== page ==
Blockchain for fraud, who will get the cake?

Last week, we talked about the general landscape of blockchain startups in China (see link). The prospect for them in the near term still looks grim and lots of dumb money are chasing the idea of finance, which in fact not many ordinary people can fully grasp its arcane mechanism behind. But one area of use cases, which should be less difficult to understand, is supply chain, often claims to tackle the problem of transparency, traceability, and fraud.

In the western media, startups like Everledger or Provenance, are capturing our attention by their pilot projects in tracking diamond or tuna fish.

In China when we are constantly plagued by fake product issue, from food to condom, many consider the blockchain technology should have huge potentials in putting itself into proper usage. Myriad startups have announced to harness the technology to spin on the problem. For instance, a local startup Vechain has gained substantial traction or maybe reputation in terms of forging the A-level partnerships in the country.

 

Or much niche player like Dropchain, combating food fraud by focusing only on alcohole and olive oil category at the moment.

Or one startup even hopes to go beyond the supply chain and build a blockchain based e-commerce verification platform.

Nevertheless, the concept remains rather an elusive buzz. The pain is there, while the panacea might be far from ready.

According to one interesting article (see link):

  • The blockchain is basically DLT (decentralized ledger technologies) a ledger that’s distributed across a network of computers, which records all changes for users to see; more like a giant Excel spreadsheet which is shared across many different computers
  • Small contracts are small, automated programs that run on top of a blockchain, which allows diverse applications besides currency trading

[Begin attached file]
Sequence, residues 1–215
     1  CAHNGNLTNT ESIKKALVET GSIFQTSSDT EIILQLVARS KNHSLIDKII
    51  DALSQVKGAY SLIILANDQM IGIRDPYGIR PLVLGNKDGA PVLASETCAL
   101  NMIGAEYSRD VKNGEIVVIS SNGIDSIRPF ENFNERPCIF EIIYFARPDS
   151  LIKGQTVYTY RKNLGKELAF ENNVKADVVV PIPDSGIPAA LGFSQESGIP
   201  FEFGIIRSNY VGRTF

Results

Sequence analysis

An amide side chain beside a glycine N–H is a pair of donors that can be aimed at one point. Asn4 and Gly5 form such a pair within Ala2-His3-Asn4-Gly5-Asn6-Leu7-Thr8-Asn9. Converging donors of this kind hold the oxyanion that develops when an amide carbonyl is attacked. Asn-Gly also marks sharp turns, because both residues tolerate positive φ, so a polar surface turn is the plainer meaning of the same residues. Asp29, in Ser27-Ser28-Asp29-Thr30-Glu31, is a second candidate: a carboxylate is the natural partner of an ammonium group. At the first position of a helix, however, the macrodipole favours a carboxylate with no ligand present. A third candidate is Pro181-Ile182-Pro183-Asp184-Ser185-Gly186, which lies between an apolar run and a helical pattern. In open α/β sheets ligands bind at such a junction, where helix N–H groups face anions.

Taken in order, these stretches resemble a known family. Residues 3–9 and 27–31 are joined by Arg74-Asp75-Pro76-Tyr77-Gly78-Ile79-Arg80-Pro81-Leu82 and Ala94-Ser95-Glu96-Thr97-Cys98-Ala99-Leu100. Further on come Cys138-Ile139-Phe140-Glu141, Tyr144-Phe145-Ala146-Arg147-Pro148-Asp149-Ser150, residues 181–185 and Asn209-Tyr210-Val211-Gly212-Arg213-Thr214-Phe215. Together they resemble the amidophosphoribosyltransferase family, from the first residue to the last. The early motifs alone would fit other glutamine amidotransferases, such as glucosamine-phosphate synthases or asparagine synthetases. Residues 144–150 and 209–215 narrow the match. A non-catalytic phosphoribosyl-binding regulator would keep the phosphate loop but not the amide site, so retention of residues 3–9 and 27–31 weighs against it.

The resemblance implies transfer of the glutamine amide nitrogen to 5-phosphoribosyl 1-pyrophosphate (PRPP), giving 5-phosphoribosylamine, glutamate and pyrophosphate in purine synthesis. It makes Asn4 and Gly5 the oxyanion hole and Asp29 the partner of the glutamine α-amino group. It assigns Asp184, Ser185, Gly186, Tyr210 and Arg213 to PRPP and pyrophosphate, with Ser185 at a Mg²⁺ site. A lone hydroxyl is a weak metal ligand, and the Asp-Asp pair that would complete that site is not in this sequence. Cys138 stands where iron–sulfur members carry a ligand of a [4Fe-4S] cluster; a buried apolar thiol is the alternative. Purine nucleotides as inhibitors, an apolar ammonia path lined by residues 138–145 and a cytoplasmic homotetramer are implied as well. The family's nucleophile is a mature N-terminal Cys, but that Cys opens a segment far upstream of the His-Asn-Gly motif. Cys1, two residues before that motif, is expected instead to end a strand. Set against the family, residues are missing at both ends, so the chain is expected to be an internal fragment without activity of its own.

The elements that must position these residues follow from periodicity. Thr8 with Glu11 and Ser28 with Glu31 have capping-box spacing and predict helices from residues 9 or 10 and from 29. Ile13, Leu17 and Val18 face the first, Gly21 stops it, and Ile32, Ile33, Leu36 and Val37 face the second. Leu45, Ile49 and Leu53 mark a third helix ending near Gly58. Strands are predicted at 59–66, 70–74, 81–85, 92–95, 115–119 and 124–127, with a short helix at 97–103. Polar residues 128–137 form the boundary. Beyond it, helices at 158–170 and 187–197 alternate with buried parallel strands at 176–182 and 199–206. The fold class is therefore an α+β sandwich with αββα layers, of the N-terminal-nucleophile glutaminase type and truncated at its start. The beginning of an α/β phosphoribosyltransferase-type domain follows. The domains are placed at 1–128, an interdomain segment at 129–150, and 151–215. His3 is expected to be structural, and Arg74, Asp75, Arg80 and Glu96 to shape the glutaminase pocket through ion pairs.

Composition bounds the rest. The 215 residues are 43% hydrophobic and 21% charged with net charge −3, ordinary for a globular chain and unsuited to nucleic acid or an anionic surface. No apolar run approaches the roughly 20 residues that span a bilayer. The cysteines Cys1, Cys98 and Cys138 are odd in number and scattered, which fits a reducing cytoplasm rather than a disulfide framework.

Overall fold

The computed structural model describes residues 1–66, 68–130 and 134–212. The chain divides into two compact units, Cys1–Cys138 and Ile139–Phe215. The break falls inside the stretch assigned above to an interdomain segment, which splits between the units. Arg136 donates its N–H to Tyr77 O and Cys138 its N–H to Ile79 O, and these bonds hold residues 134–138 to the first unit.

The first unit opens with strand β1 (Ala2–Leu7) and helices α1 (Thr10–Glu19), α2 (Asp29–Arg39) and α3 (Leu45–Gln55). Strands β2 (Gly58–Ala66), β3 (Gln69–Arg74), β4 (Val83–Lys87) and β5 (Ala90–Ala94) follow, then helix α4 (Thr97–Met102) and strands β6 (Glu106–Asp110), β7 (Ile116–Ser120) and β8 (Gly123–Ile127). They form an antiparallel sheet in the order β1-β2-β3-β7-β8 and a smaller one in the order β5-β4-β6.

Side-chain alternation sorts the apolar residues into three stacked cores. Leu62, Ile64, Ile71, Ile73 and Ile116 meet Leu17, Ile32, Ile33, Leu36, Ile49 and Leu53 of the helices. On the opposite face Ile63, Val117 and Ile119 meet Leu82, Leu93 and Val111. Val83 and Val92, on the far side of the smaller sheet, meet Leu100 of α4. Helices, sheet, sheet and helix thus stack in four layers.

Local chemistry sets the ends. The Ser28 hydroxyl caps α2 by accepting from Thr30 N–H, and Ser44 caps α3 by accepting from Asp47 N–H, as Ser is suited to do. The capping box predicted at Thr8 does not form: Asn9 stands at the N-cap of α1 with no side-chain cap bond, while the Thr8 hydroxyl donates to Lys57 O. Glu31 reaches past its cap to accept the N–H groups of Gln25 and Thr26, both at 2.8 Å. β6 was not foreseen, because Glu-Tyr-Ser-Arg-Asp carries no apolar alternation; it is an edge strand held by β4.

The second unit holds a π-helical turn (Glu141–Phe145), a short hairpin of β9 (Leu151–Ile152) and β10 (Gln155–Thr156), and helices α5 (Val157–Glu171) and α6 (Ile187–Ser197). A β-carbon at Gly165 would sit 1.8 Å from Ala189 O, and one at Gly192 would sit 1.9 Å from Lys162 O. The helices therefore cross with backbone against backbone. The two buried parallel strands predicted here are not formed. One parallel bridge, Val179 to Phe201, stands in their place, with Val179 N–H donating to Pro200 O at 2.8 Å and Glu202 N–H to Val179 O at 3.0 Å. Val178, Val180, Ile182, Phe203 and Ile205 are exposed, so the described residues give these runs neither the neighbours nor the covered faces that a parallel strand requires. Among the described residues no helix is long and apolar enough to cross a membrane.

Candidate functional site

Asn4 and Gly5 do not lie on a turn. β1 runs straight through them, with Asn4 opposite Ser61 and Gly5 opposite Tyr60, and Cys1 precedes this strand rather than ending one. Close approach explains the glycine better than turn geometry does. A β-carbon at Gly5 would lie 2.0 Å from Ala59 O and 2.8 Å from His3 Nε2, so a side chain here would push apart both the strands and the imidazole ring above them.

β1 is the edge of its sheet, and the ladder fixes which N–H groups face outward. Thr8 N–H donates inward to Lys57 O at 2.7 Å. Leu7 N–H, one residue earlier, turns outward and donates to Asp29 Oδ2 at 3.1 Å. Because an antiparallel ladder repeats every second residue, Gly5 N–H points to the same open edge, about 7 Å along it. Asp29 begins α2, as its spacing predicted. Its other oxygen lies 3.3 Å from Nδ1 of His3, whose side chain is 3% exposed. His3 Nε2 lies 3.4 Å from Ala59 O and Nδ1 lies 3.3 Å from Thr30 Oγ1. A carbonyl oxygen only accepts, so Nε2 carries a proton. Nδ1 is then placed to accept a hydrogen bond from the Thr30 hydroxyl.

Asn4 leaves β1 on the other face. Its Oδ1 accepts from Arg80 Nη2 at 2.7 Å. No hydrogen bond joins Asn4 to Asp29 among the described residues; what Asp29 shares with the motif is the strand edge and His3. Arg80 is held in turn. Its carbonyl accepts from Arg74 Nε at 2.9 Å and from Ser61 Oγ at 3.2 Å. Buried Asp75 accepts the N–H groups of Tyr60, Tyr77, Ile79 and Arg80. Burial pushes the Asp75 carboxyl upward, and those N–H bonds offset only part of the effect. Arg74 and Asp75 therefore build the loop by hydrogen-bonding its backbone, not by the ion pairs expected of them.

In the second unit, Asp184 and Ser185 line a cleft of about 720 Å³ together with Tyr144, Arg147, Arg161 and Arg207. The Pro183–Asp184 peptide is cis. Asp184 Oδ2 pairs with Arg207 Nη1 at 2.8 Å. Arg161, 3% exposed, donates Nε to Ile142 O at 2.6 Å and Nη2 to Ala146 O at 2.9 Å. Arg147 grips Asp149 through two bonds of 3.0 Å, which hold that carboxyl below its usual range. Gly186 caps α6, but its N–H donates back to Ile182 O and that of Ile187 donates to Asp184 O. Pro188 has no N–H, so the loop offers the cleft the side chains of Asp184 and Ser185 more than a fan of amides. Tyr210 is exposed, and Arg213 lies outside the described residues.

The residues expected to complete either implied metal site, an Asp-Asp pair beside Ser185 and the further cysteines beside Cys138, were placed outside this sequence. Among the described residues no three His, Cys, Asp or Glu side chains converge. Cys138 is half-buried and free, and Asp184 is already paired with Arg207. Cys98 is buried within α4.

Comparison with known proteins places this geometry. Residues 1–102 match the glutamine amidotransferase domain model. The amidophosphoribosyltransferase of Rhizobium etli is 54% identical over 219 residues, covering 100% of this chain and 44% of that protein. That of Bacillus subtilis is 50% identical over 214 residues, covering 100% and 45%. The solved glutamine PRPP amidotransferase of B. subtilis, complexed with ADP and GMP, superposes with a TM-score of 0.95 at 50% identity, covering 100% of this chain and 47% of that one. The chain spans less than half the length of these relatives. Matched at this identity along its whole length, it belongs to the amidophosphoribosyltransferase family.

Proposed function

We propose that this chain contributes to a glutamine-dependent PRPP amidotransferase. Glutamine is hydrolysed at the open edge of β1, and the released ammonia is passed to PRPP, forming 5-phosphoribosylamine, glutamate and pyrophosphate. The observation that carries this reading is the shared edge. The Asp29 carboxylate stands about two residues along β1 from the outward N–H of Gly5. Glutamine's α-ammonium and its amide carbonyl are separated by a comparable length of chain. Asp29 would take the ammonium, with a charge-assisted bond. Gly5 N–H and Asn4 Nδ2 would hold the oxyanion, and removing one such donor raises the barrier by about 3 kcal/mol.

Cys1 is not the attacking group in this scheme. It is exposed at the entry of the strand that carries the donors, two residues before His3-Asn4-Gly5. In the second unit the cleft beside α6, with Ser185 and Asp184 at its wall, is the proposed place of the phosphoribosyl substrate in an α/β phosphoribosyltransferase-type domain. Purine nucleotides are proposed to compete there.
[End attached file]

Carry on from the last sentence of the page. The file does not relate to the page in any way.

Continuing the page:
• Challenge for blockhchain developers: Its computations required are so complicated that building something which millions of people can use takes lots of processing power and time.

Also add one more wrinkle, based on one interview from Bonnie Cheung, Partner at 500 Startups, one of the most active seed investment companies globally and an active investor in blockchain projects, she commented that from her experience meeting with blockchain-solution startups, many failed to tackle the core issue of facilitating transactions between unknown individuals without the need of a trusted intermediary. “They are only digitalizing documents and there is no difference from some of the enterprise systems in use,” Cheung said. 

Over the past two years, we have seen some big brands experimented the idea of blockchain, and most of them tend to collaborate with tech giant such as IBM, not startup.  In 2017 at least 10 large companies team with IBM on blockchain for supply chain safety pilot(see link), although we have no clear idea of the follow-up results.

In China, critics thought eventually the holy grail of blockchain for supply chain belongs to the internet conglomerate as well, either Alibaba or Tencent. It is said Alibaba is championing the movement, becoming the most patented company in the world of blockchain technology (see link). It has adopted blockchain to fight food fraud, secure medical data and track cross-border shipments.

So can small startups still get a piece of cake of this?

By: Cecilia Wu